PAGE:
Tag Archives: bondholders

Bally, Co Cork, today.

Paudie Ryan writes:

Here are some images of today’s “Ballyhea Says No” [Bondholder] protest in north Cork.  This march has been going on for 100 weeks today and we were joined by groups from different parishes around Munster such as Fermoy, Ballyphehane, and Charleville.
There was a large turnout despite some rain and hail where people took the opportunity to voice their opinions on what was deemed “an unconstitutional injustice against the tax payer”.
It must also be stated that this group does not have a political agenda. They do not have ties with any one party. Their purpose is purely to speak out against the lack of effective negotiation with the EU on behalf of the Irish people.
More information on the purpose of this ongoing protest here.
Pics: Paudie Ryan


Stephen Donnelly tackles the payment today of €1.5 billion to unsecured, ‘unguaranteed’ AIB bondholders, in a statement today.

“Today, while rural schools are threatened with the loss of teachers and new figures reveal that 200,000 children in Ireland are living in poverty, €1.5 billion will be paid over to anonymous, unsecured, unguaranteed senior bondholders at AIB.

That’s €1,100 per household in the country – or 11 times the Household Charge. And the real tragedy is, this isn’t even ‘news’.

Think of the acres of coverage given to the Household Charge. And yet there’s been hardly a murmur about this €1.5 billion bond payment. Why? Because many in the media have clearly accepted that this government is going to pay back debts that we don’t owe.

This government came in on a wave of promises to negotiate hard to get write downs on this debt. They had a mandate from the people to do so. Major capitalists, like George Soros, said the bond holders should take losses. The IMF has said unsecured bondholders could take losses. But the government’s negotiating strategy, instead, has been to do whatever the ECB and the bondholders wanted.

Some believe that we are liable to pay these bonds because AIB is a state-owned bank. However, these are debts incurred by professional investors which have no sovereign guarantee and which occurred before the state took control of the bank. Therefore we have no moral obligation to pay them whatsoever.

Not only has the government not sought to negotiate with the bondholders, it has not even tried to find out who they are. The Minister for Finance, Michael Noonan, confirmed to me that they have not sought to identify the bondholders, yet in opposition not only did he demand their identity but he provided the late Brian Lenihan with the website where the bondholder information could be found.

The Government said its negotiating strategy had moved on to the promissory notes. But a substantive deal on promissory notes hasn’t happened – all we got was a one-year deferral that’s going to cost us an additional €90 million.

AIB has been recapitalised by the citizens of this country to the tune of €20.7 billion. We own 98.8% of it. Without our aid, AIB would be bust. AIB got to this point because it pursued a reckless lending strategy. Its bondholders facilitated that – they lent recklessly to AIB. And yet those bondholders have taken no losses on those bonds, and the Government – this one and the last – has consistently boasted that no bondholders would be burnt.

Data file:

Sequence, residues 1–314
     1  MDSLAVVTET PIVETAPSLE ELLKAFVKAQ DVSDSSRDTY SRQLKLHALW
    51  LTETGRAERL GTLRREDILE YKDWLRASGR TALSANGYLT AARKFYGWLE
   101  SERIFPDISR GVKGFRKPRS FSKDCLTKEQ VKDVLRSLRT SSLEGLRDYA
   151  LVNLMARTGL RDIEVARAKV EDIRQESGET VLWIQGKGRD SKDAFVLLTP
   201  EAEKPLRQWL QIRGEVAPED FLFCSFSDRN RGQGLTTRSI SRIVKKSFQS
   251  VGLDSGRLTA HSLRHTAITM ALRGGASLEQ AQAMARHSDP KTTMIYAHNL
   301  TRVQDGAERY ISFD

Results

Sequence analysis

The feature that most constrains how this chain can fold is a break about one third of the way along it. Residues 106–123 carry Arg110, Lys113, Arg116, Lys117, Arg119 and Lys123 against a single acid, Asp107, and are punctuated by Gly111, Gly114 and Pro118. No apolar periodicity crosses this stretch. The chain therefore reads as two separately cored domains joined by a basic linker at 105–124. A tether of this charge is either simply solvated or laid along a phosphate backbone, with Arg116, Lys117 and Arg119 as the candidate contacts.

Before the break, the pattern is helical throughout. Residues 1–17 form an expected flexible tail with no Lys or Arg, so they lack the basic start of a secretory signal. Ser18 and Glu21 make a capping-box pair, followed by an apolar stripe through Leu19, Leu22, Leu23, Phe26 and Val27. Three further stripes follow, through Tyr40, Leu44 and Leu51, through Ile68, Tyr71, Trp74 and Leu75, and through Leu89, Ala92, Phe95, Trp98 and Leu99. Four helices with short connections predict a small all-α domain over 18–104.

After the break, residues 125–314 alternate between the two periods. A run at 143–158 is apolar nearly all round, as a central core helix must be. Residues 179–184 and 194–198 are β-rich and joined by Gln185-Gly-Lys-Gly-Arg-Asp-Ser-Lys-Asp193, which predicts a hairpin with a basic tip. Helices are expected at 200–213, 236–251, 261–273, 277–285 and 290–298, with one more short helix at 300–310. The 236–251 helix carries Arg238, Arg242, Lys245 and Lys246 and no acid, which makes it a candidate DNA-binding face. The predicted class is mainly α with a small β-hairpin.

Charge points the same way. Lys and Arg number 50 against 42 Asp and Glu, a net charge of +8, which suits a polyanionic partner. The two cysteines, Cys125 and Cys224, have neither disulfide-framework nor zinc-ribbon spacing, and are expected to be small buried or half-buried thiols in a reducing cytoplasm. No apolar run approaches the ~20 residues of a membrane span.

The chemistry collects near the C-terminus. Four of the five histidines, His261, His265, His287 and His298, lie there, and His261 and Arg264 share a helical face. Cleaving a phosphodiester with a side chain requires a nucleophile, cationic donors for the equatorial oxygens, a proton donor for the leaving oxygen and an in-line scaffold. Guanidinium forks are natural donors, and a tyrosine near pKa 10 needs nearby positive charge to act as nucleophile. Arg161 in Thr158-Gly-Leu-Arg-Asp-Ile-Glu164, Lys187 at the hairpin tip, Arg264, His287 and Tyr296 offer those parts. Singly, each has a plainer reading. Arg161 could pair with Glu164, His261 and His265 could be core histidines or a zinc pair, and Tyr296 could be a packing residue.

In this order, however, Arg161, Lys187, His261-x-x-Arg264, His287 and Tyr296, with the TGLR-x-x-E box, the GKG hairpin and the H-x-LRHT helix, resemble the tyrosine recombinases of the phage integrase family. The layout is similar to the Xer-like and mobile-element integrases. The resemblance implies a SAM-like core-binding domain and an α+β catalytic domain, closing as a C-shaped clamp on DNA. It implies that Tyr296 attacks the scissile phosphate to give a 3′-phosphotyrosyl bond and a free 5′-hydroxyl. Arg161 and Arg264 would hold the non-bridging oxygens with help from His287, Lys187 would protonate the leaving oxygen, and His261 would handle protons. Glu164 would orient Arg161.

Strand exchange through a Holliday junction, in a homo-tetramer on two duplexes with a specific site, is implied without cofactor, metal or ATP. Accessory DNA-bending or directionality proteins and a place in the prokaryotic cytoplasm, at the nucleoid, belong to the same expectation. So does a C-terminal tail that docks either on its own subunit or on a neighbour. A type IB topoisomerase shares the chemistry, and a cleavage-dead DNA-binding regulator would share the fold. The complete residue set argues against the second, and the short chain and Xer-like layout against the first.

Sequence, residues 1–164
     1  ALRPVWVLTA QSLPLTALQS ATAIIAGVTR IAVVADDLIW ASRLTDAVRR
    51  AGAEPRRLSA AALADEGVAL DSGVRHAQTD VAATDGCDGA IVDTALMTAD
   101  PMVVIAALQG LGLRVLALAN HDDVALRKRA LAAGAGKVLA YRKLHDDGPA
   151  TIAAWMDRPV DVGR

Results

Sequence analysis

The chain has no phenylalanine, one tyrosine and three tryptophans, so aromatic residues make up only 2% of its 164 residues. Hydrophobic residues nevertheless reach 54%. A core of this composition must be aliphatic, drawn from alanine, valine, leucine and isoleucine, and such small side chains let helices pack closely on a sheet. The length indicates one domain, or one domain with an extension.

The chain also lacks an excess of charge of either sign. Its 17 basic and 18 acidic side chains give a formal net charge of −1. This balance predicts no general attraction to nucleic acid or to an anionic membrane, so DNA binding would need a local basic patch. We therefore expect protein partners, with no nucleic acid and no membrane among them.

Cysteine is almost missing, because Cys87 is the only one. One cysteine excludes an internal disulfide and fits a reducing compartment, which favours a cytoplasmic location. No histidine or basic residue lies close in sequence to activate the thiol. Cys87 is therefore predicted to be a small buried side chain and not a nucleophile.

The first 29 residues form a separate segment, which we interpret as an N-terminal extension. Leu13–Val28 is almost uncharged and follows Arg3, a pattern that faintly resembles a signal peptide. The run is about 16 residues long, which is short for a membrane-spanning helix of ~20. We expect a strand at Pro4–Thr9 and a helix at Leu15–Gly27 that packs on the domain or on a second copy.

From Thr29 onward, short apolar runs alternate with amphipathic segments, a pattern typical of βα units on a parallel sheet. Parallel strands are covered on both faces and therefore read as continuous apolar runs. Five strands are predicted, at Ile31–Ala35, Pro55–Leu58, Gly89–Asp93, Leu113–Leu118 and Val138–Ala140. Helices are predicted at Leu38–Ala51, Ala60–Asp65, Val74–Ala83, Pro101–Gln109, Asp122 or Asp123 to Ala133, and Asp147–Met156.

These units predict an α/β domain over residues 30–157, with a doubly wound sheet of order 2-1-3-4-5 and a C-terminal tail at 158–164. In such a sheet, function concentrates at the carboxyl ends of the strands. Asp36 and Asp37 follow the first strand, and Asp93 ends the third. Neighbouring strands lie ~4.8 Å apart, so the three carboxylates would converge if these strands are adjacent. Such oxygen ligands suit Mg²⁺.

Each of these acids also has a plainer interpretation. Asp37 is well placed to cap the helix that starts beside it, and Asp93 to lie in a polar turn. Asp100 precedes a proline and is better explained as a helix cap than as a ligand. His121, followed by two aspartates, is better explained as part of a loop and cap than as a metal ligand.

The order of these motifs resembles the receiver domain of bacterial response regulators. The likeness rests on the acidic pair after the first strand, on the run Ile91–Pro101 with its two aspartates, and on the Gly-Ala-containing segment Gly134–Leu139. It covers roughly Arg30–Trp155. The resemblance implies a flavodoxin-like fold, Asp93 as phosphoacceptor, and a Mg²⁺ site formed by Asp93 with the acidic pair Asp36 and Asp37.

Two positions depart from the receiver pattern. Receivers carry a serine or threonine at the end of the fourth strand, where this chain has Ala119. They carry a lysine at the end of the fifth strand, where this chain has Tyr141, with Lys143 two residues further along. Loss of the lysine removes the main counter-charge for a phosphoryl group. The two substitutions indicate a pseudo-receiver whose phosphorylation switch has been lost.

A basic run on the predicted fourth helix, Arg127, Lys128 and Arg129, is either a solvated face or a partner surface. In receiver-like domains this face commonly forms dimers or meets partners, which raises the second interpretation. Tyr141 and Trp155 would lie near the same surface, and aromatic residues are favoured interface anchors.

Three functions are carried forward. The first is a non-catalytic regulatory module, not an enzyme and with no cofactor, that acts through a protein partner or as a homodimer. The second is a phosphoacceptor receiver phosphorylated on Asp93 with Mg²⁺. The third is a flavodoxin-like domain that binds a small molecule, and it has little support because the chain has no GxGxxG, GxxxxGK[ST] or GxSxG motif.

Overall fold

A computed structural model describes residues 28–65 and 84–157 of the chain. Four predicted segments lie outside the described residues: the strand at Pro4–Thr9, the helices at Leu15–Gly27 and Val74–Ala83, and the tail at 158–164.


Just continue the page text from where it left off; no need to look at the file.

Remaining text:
Whilst accepting that there are no easy decisions on this issue, and that the ECB is applying very significant pressure for Irish citizens to cover the losses of private investors, it is galling that this bond is being paid, and it is a tragedy that the media seems so reconciled to the fact that it is being paid.

It may not be feasible to renegotiate today’s bond payment, but a focus on it, and on the immorality of these anonymous, unguaranteed bondholders being paid billions at the expense of the Irish people, could at least lay the ground for some genuine, hard negotiations prior to the next bond payment due.”

Another month.

Another unsecured, ‘unguaranteed’ bondholder payment.

From Nama Wine Lake:

Who: AIB, which is 99.8% owned by the State and which has so far cost €20.7bn to bailout

How much: €1,500,000,000 (€1,500m or €1.5bn)

When: tomorrow, 11th April 2012

What: “Unsecured”, that is, not secured against specific assets, “unguaranteed”, that is not covered by the September 2008 guarantee or its extensions.

Just Another Day In the Irish Economy As €1.5bn is Paid Over By State-Owned Bank To Unsecured, Unguaranteed Bondholders (Nama Wine Lake)

Related: Social Justice Ireland Says 700,000 People Are living In Poverty In Ireland (RTE)

Having different lending facilities could “ease the burden somewhat” as the country tries to recover, Kenny said in the interview on Bloomberg Television [broadcast today, Thursday]. “And while it’s difficult for our people and challenging for our country, we know we’re headed in the right direction.”

March 18, 2010: Sean Fitzpatrick arrested while Brian Cowen is in the US. March 31, 2010: Brian Lenihan issues promissory note for €8.3bn, bringing the government’s investment in Anglo Irish bank to €12.3 billion

November 1, 2011: €715m Anglo bond due. Former Anglo executive Willie McAteer arrested.

December 5 and 6, 2011: Budget measures including €1.6bn in tax rises unveiled. December 10. Sean Fitzpatrick arrested.

January 25, 2012: €1.25bn Anglo bond due. Ivor Callely arrested.

An Arrest, Progress On Promissory Notes…Elsewhere Over A billion Euros Is Paid To Anglo Bondholders (NamaWinelake)

(Photocall Ireland)